Take a few moments and think about the last time you reached over your head. Can you identify at least one instance of reaching high enough you had to lift your hands over your head in the past 24 hours? The past week? Recent modern history? Just kidding. This may include placing your coffee on the roof of your car while you opened the door and tossed in your handbag or reaching for your heavy sweater on the top shelf of the closet since the weather has turned chilly. Or, maybe it was several times in the yoga class you attended twice last month. In any case, for many of us, it is not a regular part of our day. So, the fantastic mobility of our shoulders goes unused and begins to take on the shape of what we are doing most of the time. How many times did you reach out in front of you to type on a computer or check your phone? How many times did you reach forward to prepare food or steer your car? This has become the predominant motion of our shoulders. As a result, they become stuck in this position. The shoulder blades spread across and up the back and the humerus, or upper arm bones, rotate forward. When stuck in this position, the mechanics of this joint are completely thrown off. If you look in the mirror and see one or both arms hanging in front of your hips and you see mostly the back of your hands, your shoulder joint is probably stuck in this unnatural position. The fascia thickens to support the joint in this position and support the activities you do most of the time. But, when you need to reach the sweater on the top shelf, you feel the pinch and the tweak in the joint.
This same story can be told about the hips, the feet, the spine or the neck. Our typical day to day movements are minimal, but our expectations of these muscles and joints are high when we need them. I’m not just speaking to people with the so-called sedentary lifestyle. Many people in our culture with the 8 to 5 desk jockey jobs do go to the gym and get in the recommended 3-4 times per week, 30 minutes of moderate exercise. But, what type of exercise? Much of gym-based exercise is very linear, repetitive and limited in range of motion: treadmill, elliptical, bicycle, stair climber, rower. These machines keep our bodies moving in a limited range, not even close to the variety we have available to us and occasionally need to use.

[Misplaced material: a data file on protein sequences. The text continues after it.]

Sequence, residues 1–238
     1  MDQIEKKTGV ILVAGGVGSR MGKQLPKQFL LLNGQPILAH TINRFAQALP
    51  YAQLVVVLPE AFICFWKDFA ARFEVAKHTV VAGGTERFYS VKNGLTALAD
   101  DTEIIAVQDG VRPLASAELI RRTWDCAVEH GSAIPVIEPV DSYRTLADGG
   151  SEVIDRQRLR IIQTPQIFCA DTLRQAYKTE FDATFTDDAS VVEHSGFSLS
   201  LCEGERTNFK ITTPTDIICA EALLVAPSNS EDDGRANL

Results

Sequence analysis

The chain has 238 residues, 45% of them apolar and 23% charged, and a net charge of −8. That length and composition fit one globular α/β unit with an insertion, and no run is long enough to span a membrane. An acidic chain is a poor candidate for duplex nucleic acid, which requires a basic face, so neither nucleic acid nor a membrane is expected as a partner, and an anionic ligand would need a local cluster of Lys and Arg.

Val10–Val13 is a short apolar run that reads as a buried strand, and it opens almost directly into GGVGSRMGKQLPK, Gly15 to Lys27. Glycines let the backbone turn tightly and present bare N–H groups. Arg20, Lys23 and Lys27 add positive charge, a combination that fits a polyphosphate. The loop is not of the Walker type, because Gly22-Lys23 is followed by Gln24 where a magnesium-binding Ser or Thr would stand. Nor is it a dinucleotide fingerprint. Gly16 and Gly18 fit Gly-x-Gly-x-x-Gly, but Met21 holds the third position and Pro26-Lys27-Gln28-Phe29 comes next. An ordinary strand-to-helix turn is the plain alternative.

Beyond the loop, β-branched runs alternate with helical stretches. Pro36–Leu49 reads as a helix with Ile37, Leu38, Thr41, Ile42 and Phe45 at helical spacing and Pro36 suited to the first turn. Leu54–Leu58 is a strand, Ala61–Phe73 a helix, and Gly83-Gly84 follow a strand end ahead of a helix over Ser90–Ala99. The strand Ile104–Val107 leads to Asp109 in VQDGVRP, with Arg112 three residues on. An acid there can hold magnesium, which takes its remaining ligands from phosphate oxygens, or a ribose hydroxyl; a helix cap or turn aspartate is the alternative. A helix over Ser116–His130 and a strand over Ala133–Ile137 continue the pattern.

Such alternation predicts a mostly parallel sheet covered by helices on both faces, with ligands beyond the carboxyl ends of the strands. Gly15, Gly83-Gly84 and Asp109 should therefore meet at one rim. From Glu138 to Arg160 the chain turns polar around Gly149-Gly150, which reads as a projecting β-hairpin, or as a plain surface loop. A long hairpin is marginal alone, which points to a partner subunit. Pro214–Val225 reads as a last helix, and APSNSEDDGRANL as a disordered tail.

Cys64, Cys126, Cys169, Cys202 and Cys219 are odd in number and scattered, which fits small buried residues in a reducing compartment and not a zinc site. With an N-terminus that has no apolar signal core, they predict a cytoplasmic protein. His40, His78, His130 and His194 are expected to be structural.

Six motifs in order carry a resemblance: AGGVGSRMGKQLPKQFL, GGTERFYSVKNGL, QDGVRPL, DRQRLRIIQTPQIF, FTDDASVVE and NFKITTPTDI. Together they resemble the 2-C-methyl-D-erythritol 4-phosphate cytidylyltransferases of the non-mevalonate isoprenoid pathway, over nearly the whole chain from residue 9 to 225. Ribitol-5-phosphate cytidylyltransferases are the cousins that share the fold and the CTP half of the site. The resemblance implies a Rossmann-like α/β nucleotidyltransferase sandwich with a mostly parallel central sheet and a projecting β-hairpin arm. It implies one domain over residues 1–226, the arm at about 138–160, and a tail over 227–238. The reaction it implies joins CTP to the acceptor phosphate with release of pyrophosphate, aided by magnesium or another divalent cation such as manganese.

So, what can you do? Reflect on your daily ranges of motion. When are you reaching? When can you squat? Can you set up your life, so you ask your body to make these motions daily or even multiple times per day? Here are some simple ideas.
Place your coffee cups and towels on a high shelf. Then you’ll have to reach above your head at least twice each morning. Put the toothpaste and your pajamas in a lower drawer. Then you will need to squat at least twice each evening. Think about how you can integrate a twist into your day. Can you reach across your body to reach for the soap in the shower every day? Maybe use your left hand to adjust the rearview mirror before you back out of the garage. Notice your patterns and mix it up. Ask more of your body but keep it simple and part of daily life.
I have a chin up bar in the doorway between my kitchen and dining room. While I am pretty far from being able to do a chin up, I stretch or hang on the bar several times a day. I use my arms a lot during the day doing sometimes intense pushes and pulls. It is great for me, but I also need to move the joint in other ranges as well. The bar keeps my shoulders limber and strong in all directions.
If you are a person who has the opportunity to move all day as part of your job, you are fortunate. This movement will keep you healthy. My only caution is that you be sure you are moving in proper alignment and using your body in the manner in which it was designed. If you move a lot but still have aches and pains, check your alignment. Small changes can make a huge difference. If you are the person who sits during most of the workday, can you organize your space for more reaching and squatting throughout the day? Small changes can make a big difference.
Again. Our bodies are not inherently weak with a need for protection. They are inherently strong with a need for movement.
Side note: As an occupational therapist, I understand there are many people who do have illnesses or injuries that have left them disabled and make the suggestions I have in this blog entirely more difficult. My basic suggestion stands that we should all, regardless of our ability or disability challenge ourselves daily to maintain as much motion and health as we have available to us. This suggestions also extends into mental challenges, but that is another blog. Namaste.